On February 12th, Oklahoma unveiled the new logo and brand identity that will present the entire state. It was beloved by all and lived happily ever after – is what I would say if I were a liar. You know of my theory on reactions to new logos so you know that very few designs are universally beloved.
Tag: new logo
I am listening to the classic NBA on NBC theme, “Roundball Rock” by John Tesh on a loop as I type this blog post. One of the greatest, most iconic themes in the history of televised programming.
Last year, the NBA announced that they were giving the Playoffs and the NBA Finals a new visual identity. While I have no issue with the change to the Playoffs branding, I think this new NBA Finals branding is the pits. As we draw nearer to the NBA Finals with each passing day, I felt the need to write about why I am not pleased with this change.
The Finals Logo Should Be More Different From The Playoffs One
I am not saying the logo isn’t well made. The logo is fine. However, the importance of the NBA Finals had typically been made immediately apparent by the logo. The sophisticated written wordmark with the trophy in the background was special. This new thing is way too similar to the new Playoffs branding.
In my opinion, there should be a stark difference between the logo promoting a first round game and the NBA Finals! Reaching the NBA Finals means reaching a special echelon in the sport of basketball. The logo should reflect such.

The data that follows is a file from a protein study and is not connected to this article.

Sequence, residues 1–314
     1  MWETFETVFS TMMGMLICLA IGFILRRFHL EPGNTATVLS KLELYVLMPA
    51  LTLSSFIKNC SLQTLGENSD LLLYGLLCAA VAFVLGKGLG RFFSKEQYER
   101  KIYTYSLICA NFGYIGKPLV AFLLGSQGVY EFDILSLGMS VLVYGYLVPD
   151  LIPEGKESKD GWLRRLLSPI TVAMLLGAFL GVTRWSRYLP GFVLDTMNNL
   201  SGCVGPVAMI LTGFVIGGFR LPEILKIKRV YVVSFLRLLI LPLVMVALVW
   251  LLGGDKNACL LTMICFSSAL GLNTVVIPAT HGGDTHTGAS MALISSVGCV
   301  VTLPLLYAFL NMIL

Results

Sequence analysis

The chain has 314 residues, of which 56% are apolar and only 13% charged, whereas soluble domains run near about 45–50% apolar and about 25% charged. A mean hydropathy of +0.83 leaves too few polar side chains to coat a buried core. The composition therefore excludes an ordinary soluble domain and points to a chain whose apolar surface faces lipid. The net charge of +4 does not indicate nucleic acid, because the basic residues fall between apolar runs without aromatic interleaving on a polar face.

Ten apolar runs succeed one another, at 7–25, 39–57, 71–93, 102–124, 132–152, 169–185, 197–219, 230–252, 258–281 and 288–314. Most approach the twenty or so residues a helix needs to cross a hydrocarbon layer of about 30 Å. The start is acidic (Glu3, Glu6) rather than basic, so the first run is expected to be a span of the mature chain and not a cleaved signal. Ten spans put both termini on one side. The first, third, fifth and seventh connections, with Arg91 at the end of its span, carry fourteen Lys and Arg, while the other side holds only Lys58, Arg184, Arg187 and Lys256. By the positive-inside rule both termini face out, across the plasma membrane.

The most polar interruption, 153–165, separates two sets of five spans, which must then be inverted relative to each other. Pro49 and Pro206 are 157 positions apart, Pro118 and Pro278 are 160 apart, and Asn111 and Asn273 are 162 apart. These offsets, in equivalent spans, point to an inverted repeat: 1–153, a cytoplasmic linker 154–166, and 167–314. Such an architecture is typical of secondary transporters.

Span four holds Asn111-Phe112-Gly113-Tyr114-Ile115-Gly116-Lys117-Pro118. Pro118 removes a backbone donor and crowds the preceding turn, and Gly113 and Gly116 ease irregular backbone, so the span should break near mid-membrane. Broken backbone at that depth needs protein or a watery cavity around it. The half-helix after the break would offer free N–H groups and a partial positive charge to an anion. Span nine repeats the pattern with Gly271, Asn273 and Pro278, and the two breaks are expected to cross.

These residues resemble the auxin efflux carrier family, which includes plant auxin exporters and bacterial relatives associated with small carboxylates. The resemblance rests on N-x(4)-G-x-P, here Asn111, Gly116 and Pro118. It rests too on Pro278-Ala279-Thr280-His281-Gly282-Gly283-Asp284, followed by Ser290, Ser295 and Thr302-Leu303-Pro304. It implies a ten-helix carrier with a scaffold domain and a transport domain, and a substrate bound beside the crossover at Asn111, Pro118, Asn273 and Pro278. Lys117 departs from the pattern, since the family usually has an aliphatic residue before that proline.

Loss of Personality
This whole movement by certain sports leagues (I’m looking at you NFL) towards standardization is so disappointing. NBA is also standardizing their All-Star Weekend logos, which is especially disappointing since the next one is going to be in my home state of North Carolina.
The NBA Finals logo has become so iconic to me and I will miss it. Listen. I understand what they are doing. I really do. I understand their desire for consistent branding and colors for the Playoffs and the NBA Finals. I just don’t like it.
But I expect, like most changes like this, we will eventually get used to it and accept our lack of control in the whole matter.